Remembering Tryon (City) School

Published 10:48 am Wednesday, August 30, 2023

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The magnificent school building, visible from the intersection of US 176 and NC 108  highways, was built by one Wright Gaines in 1923. My beloved Aunt Mildred always referred to Mr. Gaines as one who could neither read nor write, yet the building he built was recently judged to be in the best condition of any in the Polk County school system.

When Aunt Mildred and Uncle Ethan attended, the building contained the entire Tryon School: First Grade through 11th Grades. The tall portion nearest to town contained the auditorium, with the cafeteria under the stage. The center section contained all of the elementary school, with classrooms for grades 1 through 7.

The portion behind the stately columns contained the entire High School and a Library. I started school in Mrs. Charlotte Kittrell’s First Grade in 1936. We moved to Mooresville when I was in second grade, and later to Durham when my father died in 1938. 

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We came back to Tryon and built a house on the foundation left when the Rippy house burned to the ground in 1938. I joined Miss Thelma Mills’s fourth grade class. She gave us some kind of “standard tests” on which I scored mostly “12th grade 9th month,” so she promoted me to the sixth grade.

When we graduated from the seventh grade, we were promoted to a new 8th grade, stuck in before the new high school, in which the grades were renamed nine through twelve (in order to provide twelve years of study in line with other states.) A new coach, Mr. Edwin Beach, became our first male teacher. He made us proud by addressing us as Mr. or Miss (Surname). He thus helped to erase our disappointment at not being in High School yet . . .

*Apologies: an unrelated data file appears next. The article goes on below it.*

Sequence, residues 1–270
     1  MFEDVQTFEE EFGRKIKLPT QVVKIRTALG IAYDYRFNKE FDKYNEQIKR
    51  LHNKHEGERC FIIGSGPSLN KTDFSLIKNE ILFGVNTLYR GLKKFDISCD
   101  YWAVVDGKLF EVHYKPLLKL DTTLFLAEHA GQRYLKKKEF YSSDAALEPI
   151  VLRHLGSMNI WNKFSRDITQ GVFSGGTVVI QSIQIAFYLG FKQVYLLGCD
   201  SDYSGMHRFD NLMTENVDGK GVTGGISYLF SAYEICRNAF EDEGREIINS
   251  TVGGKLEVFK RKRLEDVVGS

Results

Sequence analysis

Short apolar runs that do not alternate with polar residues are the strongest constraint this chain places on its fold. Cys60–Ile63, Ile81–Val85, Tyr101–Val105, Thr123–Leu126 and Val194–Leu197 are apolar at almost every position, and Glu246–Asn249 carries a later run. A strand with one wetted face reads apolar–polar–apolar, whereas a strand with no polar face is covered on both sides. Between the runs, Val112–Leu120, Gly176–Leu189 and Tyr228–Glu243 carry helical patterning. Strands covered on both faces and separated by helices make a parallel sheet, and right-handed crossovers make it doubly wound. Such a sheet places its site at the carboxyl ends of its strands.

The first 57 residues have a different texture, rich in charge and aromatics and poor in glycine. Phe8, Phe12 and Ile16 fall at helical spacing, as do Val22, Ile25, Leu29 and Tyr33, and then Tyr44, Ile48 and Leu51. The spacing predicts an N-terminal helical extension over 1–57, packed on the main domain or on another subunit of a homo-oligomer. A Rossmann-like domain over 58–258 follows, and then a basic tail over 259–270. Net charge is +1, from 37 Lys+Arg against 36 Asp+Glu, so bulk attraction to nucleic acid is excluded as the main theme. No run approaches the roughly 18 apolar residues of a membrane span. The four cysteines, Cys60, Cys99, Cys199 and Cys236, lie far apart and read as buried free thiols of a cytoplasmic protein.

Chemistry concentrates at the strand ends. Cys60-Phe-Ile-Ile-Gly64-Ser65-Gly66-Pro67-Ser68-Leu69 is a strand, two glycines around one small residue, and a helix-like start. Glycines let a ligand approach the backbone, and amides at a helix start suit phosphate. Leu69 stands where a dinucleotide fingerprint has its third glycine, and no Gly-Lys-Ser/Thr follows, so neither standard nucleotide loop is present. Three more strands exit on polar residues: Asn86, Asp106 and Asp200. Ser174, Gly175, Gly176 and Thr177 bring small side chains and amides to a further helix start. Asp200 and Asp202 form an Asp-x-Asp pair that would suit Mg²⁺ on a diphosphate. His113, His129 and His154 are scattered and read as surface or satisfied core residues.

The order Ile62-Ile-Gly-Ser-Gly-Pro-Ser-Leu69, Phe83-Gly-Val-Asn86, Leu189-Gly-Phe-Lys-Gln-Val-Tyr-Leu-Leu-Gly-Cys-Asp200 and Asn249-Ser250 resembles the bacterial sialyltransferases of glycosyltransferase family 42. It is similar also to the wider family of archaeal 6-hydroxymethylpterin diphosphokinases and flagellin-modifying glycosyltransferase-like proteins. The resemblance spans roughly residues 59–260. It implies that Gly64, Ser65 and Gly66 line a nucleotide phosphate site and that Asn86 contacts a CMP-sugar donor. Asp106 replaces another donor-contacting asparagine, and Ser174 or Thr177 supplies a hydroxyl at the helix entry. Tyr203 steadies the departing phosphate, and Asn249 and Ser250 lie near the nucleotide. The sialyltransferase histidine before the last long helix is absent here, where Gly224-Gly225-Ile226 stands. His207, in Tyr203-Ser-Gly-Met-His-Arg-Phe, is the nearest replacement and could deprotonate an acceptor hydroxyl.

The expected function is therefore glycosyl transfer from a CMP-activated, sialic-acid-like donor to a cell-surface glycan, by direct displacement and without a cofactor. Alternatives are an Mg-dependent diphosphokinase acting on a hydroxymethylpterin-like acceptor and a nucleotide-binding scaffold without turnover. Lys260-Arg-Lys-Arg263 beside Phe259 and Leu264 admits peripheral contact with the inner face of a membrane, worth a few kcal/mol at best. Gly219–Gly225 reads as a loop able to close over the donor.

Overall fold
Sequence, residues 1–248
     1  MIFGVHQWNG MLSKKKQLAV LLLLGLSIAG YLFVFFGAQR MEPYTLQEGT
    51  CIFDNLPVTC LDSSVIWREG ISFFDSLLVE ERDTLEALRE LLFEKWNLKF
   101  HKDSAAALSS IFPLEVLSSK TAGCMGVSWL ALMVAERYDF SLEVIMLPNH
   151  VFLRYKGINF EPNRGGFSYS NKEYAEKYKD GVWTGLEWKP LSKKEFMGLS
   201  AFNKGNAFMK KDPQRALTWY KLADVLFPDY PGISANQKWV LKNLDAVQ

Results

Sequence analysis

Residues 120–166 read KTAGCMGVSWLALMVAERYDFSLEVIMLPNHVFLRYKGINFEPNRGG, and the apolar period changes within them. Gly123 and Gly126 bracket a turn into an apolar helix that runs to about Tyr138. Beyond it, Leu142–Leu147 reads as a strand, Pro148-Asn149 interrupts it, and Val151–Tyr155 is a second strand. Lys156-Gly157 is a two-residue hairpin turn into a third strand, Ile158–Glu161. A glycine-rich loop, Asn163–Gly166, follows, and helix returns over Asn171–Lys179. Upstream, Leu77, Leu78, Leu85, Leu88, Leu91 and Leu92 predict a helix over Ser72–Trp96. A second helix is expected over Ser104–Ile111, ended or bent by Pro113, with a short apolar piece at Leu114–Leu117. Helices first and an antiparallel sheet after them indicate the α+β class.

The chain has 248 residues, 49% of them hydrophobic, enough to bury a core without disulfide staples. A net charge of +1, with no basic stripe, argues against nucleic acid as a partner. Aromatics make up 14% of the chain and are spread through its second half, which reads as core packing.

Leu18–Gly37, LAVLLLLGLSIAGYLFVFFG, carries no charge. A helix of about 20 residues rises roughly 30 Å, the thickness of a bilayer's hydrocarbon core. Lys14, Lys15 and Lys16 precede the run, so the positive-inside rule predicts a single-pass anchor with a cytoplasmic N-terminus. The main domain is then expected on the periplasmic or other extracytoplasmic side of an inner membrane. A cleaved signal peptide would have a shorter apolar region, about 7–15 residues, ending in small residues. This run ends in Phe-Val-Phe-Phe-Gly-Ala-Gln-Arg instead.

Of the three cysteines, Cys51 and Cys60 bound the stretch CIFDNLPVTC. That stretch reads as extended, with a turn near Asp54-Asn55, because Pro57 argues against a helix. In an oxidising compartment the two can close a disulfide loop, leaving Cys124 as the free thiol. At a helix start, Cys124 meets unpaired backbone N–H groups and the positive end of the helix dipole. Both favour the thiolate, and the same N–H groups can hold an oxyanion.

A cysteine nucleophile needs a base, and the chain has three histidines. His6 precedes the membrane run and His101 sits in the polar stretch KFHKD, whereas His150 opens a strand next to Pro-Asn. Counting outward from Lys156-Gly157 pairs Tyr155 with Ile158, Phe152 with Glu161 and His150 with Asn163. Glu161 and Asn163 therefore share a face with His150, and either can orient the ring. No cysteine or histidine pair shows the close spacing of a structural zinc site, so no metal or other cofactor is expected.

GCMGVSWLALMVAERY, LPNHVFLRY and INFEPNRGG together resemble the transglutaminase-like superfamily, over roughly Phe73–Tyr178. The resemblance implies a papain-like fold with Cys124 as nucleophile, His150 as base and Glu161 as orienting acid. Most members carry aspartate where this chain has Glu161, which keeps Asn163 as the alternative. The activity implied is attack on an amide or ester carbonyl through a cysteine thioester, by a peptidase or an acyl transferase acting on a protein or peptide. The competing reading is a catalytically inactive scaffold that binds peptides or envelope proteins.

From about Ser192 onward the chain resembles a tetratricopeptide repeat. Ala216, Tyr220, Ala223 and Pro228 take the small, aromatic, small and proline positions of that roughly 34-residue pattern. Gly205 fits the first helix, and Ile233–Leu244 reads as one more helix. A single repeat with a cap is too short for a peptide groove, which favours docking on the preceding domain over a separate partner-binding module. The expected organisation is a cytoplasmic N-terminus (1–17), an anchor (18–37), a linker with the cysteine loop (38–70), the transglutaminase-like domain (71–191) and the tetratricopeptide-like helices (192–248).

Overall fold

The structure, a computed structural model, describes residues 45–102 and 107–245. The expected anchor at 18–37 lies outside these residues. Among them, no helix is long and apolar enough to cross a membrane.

I was pleased to attend “The Last Hurrah,” a gathering of alumni of Tryon High School before it became an elementary school. I am pleased to remember Col. Schilletter, superintendent of the school before being recalled to serve again in the US Army in WWII. Don’t now recall what rank (officer) his replacement had before being recalled to the US Navy (all I can remember is Mr. Caldwell.)

Miss Ada Viele, who had been the Principal of the elementary school I went to in Mooresville, came to Tryon High to teach commercial subjects (typing etc). (We had no idea that she was Dr. Viele until her death!) Mr. Leslie K. Singley became the Superintendent when I got to High School.

I asked him to teach a Drafting Class, and he obliged. I managed to leave my mark on the school by chiseling “Class of 1947” in the sidewalk constructed by the Senior Class boys. My drafting training enabled me to draw the lettering for the sidewalk, and later to draw plans for a Presbyterian manse on Vista Street on Godshaw Hill. Builder Dick Kell built it exactly as I had drawn it, from a small sketch on an envelope by Matt O’Shields. Pretty good for a High School kid, yes?

I finally graduated as class valedictorian. Virginia Henry as Salutatorian gave the opening address, and I gave the closing one. When I mentioned some improvements I thought were needed, there was a burst of applause in the audience. I had memorized my speech, and it all disappeared from my memory! I had not put a copy in my pocket, so I said “Nobody knows this thing but me,” then resumed when it all came back.

With an even dozen, we were the smallest class ever, but with two equally small girls (Sally Jay and Virginia Henry) to lead us down the two aisles, we made it to the stage OK. We were joined by three returning veterans, who by examination, graduated with us.